In the progression of diabetes, accumulated oxidative stress and depleted antioxidant defenses play a major part. SOD, CAT, and GPx are enzymes that ruin peroxides and have an impact on the antioxidant defenses of an organism [32
]. SOD acts to dismutate superoxide radicals to hydrogen peroxides, which is then acted upon by GPx [33
]. CAT catalyzes the reduction of hydrogen peroxides and protects the tissues from highly reactive hydroxyl radicals [35
]. Furthermore, GSH acts as a cosubstrate for GPx activity and as a cofactor for many enzymes [36
]. A decreased GSH content may predispose the cells to weaken their defense against the condition of oxidative stress during several degenerative disease conditions including diabetes [37
]. Phytochemicals with antioxidant activity are known to abrogate oxidative stress [8
]. Our data are in accordance with the hypothesis that during high glucose-induced stress to RGC-5 cells, hesperidin has a large influence on the control of ROS levels through upregulating both the enzymic and nonenzymic antioxidant defense systems. Consequently, it is expected that the mechanisms of hesperidin to protect against hyperglycemia-induced changes in RGC-5 cells and its capacity to counter oxidative stress will be studied in depth.
Although hesperidin could induce apoptosis through either an extrinsic or an intrinsic in several cancer cells [13
], flavonoid can act as pro-apoptotic or anti-apoptotic agents depending on their concentration, the cell system, the type or stage of the degenerative process [16
]. High glucose-induced oxidative stress mediated cell damage plays a significant role in the reduction of mitochondrial membrane potential, disruption of the mitochondrial membrane, and the release of cytochrome c into the cytosol, which in turn triggers caspase cascades and initiates the intrinsic apoptotic pathway [38
]. Our results showed that high-glucose stimulation caused serious impairment of the ΔΨm and indeed fostered the release of cytochrome c, and the involvement of mitochondria in high glucose-mediated RGCs apoptosis was confirmed. It also showed that treatment of high glucose exposed RGC-5 cells with hesperidin could restore mitochondrial function by blocking the dissipation of ΔΨm and releasing cytochrome c into the cytosol. A strong inverse association between cell viability and apoptosis rates was observed. In fact, there was no significant cytotoxicity effect produced by hesperidin in the cell under these experimental conditions. At each concentration, hesperidin increased the survival rate of RGC in high glucose; in particular, the action of hesperidin was most obvious at 50 μmol/L. Data gained from the MTT assay in this study also suggested the direct neuroprotective action of hesperidin against high glucose-mediated mitochondrial dysfunction in RGC-5 cells as a model of DR.
In mitochondria-dependent apoptosis, the released cytochrome c activates caspase-9 and sequentially activates the downstream effector caspase-3 [39
]. Moreover, mitochondrial membrane potential is regulated by a specific category of proteins known as the Bcl-2 family proteins [40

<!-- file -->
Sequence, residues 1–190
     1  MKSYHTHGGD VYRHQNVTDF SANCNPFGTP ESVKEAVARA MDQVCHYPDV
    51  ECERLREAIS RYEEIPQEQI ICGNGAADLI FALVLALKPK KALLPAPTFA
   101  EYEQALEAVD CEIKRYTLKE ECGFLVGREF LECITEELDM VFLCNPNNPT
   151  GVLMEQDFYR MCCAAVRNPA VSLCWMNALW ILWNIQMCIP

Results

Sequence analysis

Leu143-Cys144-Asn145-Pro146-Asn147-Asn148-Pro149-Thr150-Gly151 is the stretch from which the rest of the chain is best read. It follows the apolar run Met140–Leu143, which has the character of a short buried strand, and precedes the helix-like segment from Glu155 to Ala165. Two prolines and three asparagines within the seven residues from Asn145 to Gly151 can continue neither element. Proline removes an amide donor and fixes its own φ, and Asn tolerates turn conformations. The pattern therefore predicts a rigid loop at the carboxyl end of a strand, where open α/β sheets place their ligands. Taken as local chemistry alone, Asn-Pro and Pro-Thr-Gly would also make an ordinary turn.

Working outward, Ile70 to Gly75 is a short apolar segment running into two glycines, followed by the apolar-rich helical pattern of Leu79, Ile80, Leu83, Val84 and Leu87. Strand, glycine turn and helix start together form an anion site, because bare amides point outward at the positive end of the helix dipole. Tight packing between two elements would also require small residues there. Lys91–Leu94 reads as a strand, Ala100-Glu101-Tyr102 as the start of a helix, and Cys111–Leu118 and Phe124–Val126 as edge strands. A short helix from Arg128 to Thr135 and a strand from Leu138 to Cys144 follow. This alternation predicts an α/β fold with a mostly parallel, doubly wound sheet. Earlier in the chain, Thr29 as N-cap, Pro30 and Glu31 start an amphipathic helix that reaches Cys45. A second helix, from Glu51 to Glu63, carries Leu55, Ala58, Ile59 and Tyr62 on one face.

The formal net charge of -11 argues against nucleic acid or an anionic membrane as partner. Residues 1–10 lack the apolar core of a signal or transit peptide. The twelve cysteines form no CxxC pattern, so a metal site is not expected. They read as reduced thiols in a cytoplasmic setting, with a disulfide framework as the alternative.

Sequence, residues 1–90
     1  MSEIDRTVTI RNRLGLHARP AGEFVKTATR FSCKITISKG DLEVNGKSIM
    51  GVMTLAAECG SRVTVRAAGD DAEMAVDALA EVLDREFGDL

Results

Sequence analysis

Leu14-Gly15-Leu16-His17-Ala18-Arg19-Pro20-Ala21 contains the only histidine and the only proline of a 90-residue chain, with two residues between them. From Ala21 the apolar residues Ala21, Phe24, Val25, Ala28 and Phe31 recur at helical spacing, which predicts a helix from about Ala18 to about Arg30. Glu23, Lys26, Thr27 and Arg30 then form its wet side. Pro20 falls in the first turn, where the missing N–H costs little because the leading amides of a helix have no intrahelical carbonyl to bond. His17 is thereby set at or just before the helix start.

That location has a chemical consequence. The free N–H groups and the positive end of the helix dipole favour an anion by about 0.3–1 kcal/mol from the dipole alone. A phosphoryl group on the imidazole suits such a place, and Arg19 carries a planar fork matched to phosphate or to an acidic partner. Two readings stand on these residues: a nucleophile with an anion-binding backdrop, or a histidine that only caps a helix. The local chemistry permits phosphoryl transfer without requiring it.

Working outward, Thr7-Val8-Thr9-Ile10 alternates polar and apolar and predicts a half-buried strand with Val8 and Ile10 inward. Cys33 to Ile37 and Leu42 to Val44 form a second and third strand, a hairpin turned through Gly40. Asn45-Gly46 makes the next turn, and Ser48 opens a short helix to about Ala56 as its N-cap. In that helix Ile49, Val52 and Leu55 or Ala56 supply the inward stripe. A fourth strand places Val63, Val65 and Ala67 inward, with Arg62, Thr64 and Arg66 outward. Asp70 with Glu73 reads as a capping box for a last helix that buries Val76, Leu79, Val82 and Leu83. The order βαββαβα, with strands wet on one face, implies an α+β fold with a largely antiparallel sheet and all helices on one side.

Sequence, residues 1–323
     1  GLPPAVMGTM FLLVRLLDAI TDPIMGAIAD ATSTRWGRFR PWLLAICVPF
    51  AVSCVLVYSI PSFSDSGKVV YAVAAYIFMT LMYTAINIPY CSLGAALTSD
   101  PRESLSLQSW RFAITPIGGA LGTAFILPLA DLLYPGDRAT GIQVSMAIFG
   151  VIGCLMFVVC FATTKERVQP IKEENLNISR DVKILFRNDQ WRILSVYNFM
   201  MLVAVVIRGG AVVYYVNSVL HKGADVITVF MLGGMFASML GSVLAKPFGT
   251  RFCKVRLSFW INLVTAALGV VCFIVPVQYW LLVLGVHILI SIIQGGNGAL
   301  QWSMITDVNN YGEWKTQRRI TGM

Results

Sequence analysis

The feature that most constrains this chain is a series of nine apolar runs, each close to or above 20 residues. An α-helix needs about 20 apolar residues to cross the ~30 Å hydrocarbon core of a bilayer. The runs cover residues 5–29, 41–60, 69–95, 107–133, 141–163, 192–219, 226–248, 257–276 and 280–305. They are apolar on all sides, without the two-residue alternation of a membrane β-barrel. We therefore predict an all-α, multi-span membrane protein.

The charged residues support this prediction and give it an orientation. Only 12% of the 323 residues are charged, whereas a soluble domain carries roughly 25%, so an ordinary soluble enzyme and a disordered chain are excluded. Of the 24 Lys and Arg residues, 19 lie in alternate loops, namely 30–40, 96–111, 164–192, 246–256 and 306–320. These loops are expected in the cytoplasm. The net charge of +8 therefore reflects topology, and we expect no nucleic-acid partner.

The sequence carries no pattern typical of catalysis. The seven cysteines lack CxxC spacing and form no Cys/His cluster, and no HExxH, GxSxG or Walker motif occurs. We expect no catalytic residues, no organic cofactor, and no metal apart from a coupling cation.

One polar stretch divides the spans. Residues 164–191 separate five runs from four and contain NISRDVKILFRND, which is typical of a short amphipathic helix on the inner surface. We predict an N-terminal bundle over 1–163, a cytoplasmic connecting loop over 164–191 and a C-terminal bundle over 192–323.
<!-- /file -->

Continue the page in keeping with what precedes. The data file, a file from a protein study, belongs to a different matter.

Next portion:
]. The anti-apoptotic Bcl-2 family proteins such as Bcl-2 are basically localized into mitochondrial outer membranes and can block the membrane permeabilization, whereas proapoptotic members of this family like Bax are usually translocated to the mitochondrial outer membrane from the cytosol, and facilitates the permeabilization of the mitochondrial membrane and release of cytochrome c [40
]. As a result, because hesperidin blocks high glucose-induced elevation of Bax and decreases Bcl-2 in high glucose exposed RGC-5 cells, it inhibits enzymatic activity of caspase-9/3 and lowers the ratio of Bax/Bcl-2. These clarified that hesperidin protected RGC-5 cells from high glucose-induced cell apoptosis through mitochondrial-mediated pathway.
It is known that the mitogen-activated protein kinases (MAPKs), a family of protein kinases, are related to cell growth and ROS-mediated death [41
]. It also shows that antioxidants can prevent either ROS accumulation or MAPK activation under oxidative stress conditions [42
]. Three major classes of MAPKs are extracellular-signal regulated kinases 1 and 2 (ERK1/2), p38 MAPK/stress-activated protein kinases, and c-Jun N-terminal kinases (JNKs) [43
]. The p38 and JNK MAPK pathways are generally recognized as pro-apoptotic pathways in response to cellular stresses such as hypoxic, or oxidative stress, whereas ERKs respond to mitogens and growth factors that regulate cell proliferation and differentiation [43
]. Therefore, regulating the activity of the MAPK signaling pathway, particularly the activation of p38 and JNK, is vital for protecting cells from ROS injury and cellular death [44
]. In the present study, the phosphorylation degree of p38 and JNK in high glucose exposed RGC-5 cells were greatly decreased under hesperidin treatment. Our findings support a protective role of hesperidin in RGC exposed to a high glucose challenge through the inhibition of p38 and JNK activation.
Human experiments should be designed based upon prior animal experimentation, it is difficult to directly convert the concentration of hesperidin into human intake dose in our in vitro study. It has been demonstrated that hesperidin at the daily oral dosage of 100 and 200 mg/kg could attenuate retina and plasma abnormalities in diabetic rats [19
]; this is approximately 16 to 32 mg/kg oral intake for an adult human. Thus, animal studies will be arranged in the future to find out the effective dose of hesperidin for protection the retinal ganglion cell from high glucose-induced damage in vivo; the results can be used as a reference for the dosage of human body.